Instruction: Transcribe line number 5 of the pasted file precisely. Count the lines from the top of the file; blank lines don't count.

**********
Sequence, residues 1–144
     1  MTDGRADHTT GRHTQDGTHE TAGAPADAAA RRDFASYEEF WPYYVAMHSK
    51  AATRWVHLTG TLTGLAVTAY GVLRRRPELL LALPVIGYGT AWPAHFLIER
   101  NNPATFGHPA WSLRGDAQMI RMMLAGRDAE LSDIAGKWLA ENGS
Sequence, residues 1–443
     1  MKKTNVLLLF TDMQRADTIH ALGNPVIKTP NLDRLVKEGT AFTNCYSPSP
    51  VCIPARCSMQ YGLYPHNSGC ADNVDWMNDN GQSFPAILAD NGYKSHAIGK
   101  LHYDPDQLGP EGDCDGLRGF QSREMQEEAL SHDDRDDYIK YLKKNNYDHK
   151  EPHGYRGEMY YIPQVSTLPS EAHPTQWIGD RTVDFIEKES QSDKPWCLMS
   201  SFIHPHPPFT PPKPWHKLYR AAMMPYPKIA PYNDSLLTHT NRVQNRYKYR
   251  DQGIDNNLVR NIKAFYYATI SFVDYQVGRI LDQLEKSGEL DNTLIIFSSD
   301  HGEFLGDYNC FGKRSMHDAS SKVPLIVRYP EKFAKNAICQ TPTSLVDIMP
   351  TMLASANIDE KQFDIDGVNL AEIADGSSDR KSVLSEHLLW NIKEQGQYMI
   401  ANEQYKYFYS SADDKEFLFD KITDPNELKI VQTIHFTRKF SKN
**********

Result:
Sequence, residues 1–443